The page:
Send a Kid to Camp Today!

For over sixty years, Union Gospel Mission’s generous donors have been giving kids the life-changing experience of a week at camp. Here are some favourite camp memories drawn by Miranda’s children.

  • CIARA, age 9, likes going on nature walks at camp. Last summer, they walked for a while until they got to a clearing, where they divided into teams to build different kinds of teepees. Though she also likes wide games and making bracelets, this nature walk is her favourite memory from camp.

    Ciara, age 9, likes going on nature walks at camp. Last summer, they walked for a while until they got to a clearing, where they divided into teams to build different kinds of teepees. Though she also likes wide games and making bracelets, this nature walk is her favourite memory from camp.

  • Ciara's artwork.

    Ciara’s artwork.

  • MALCOLM, age 12, loves getting his face painted during Capture the Flag games. He likes soccer, basketball, and his favourite game—which he learned at camp—is called Gaga Ball. “There’s a fun thing after lunch at camp where you can choose your activities,” he explains. “You get to play games or go fishing off the dock. There’s kayaking, canoeing, and storytelling too!”  Okay, Malcolm likes pretty much everything about camp.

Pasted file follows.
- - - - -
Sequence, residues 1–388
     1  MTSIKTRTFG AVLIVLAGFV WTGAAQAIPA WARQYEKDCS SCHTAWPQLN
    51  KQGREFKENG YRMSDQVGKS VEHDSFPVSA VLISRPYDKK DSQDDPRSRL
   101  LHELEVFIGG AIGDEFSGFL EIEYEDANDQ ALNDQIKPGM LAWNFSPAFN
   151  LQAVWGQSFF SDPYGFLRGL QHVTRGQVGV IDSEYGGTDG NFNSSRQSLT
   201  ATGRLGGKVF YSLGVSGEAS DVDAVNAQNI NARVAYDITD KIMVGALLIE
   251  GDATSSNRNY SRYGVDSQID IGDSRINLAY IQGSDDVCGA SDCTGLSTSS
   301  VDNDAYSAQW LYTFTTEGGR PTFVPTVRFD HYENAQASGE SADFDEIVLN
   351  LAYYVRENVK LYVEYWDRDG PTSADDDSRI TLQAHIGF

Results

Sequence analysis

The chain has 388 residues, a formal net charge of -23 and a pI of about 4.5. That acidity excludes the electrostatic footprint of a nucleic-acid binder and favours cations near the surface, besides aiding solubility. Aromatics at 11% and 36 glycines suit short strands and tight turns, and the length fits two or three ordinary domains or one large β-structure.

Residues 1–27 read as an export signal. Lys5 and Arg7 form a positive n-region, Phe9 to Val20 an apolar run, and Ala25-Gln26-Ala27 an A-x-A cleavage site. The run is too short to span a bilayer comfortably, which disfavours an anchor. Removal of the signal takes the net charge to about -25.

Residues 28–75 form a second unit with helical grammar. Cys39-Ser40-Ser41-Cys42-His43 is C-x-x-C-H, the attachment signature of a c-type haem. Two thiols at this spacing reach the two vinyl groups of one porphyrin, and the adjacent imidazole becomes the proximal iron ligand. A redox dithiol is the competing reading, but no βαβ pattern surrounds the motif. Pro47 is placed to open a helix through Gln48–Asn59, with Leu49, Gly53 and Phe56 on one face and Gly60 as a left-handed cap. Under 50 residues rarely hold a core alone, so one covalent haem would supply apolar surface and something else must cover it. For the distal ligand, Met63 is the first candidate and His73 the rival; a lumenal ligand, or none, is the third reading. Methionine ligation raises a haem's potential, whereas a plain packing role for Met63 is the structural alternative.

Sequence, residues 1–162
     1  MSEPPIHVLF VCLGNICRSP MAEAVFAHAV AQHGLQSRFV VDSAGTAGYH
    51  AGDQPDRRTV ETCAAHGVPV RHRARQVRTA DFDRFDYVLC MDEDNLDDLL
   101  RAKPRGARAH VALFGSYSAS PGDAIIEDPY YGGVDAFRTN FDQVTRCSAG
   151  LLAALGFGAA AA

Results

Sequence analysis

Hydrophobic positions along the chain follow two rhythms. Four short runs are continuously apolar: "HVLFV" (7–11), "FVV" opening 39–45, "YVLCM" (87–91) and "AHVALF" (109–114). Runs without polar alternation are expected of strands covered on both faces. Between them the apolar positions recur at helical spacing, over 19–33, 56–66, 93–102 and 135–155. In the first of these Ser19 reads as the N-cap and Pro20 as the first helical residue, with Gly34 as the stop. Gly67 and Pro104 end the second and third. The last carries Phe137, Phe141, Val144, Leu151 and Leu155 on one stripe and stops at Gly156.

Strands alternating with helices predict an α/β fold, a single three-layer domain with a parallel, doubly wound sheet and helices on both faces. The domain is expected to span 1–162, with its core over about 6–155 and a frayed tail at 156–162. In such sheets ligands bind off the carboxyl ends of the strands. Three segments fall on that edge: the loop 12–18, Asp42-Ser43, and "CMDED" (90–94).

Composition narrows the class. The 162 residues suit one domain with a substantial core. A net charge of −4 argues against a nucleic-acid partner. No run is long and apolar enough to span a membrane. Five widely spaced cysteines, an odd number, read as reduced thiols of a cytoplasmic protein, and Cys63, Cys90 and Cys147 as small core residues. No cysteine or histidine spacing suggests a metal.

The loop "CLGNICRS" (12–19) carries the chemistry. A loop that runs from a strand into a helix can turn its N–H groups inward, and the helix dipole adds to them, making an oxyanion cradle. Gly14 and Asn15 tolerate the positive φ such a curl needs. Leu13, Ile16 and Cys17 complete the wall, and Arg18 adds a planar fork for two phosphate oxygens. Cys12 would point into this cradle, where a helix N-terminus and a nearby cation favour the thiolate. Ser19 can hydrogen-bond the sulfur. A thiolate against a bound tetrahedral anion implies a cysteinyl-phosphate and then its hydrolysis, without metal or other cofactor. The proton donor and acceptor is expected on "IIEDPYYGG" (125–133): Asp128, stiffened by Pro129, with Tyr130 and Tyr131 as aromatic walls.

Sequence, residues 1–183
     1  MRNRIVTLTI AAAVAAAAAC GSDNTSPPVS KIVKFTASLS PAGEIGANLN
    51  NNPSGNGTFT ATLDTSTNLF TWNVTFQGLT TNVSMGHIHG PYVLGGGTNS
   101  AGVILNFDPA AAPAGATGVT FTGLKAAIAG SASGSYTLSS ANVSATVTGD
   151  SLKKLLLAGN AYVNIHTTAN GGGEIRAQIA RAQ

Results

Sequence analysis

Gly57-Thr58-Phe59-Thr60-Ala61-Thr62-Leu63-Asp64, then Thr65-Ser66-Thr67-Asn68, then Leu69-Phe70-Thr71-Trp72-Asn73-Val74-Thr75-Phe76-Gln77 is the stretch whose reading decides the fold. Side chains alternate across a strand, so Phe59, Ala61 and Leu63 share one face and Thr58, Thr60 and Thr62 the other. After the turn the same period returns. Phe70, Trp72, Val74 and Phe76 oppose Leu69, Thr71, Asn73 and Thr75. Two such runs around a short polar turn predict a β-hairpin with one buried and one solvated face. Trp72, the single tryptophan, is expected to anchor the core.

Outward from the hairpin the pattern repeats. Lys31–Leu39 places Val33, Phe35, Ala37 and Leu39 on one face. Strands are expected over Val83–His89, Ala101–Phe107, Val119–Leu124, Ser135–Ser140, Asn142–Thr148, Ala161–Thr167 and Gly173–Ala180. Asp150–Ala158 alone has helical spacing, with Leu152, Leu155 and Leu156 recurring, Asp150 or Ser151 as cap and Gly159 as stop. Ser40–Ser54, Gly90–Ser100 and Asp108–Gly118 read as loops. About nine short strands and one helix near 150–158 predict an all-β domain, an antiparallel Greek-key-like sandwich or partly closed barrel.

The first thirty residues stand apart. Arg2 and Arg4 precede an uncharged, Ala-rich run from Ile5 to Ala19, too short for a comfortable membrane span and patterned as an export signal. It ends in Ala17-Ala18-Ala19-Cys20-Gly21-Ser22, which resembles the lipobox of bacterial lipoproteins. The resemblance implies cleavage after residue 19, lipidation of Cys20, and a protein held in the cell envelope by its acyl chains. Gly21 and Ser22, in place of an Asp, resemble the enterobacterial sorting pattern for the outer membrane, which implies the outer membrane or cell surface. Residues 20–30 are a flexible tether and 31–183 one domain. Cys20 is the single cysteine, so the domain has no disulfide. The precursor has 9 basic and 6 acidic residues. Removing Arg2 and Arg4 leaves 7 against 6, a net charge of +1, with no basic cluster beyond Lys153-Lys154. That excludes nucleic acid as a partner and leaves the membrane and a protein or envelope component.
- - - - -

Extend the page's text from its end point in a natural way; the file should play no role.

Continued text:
Malcolm, age 12, loves getting his face painted during Capture the Flag games. He likes soccer, basketball, and his favourite game—which he learned at camp—is called Gaga Ball. “There’s a fun thing after lunch at camp where you can choose your activities,” he explains. “You get to play games or go fishing off the dock. There’s kayaking, canoeing, and storytelling too!” Okay, Malcolm likes pretty much everything about camp.

  • Malcolm's artwork

    Malcolm’s artwork.

  • DAMIEN, age 14, likes rock climbing, dodgeball, and highropes. He is not afraid of heights. His favourite memory from camp is a wide game called Capture the Counsellor, where you have to find your cabin leader to get points. He also loves making s’mores at the camp-wide jamboree.

    Damien, age 14, likes rock climbing, dodgeball, and high ropes. He is not afraid of heights. His favourite memory from camp is a wide game called Capture the Counsellor, where you have to find your cabin leader to get points. He also loves making s’mores at the camp-wide jamboree.

  • Damien's artwork

    Damien’s artwork

Because of you, many children have experienced that camp is a chance to find freedom and realize their potential. Please give generously. Every donation will be matched!